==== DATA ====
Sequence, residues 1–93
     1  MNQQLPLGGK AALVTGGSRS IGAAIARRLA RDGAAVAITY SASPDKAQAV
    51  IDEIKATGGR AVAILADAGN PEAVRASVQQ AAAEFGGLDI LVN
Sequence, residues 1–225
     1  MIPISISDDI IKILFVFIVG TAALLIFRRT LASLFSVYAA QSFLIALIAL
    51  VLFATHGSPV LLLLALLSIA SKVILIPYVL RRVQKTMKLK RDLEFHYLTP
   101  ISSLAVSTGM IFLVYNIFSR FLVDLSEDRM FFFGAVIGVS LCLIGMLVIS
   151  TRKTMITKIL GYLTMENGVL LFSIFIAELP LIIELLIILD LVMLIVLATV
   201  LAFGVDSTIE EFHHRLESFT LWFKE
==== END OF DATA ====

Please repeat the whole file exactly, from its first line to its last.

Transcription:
Sequence, residues 1–93
     1  MNQQLPLGGK AALVTGGSRS IGAAIARRLA RDGAAVAITY SASPDKAQAV
    51  IDEIKATGGR AVAILADAGN PEAVRASVQQ AAAEFGGLDI LVN
Sequence, residues 1–225
     1  MIPISISDDI IKILFVFIVG TAALLIFRRT LASLFSVYAA QSFLIALIAL
    51  VLFATHGSPV LLLLALLSIA SKVILIPYVL RRVQKTMKLK RDLEFHYLTP
   101  ISSLAVSTGM IFLVYNIFSR FLVDLSEDRM FFFGAVIGVS LCLIGMLVIS
   151  TRKTMITKIL GYLTMENGVL LFSIFIAELP LIIELLIILD LVMLIVLATV
   201  LAFGVDSTIE EFHHRLESFT LWFKE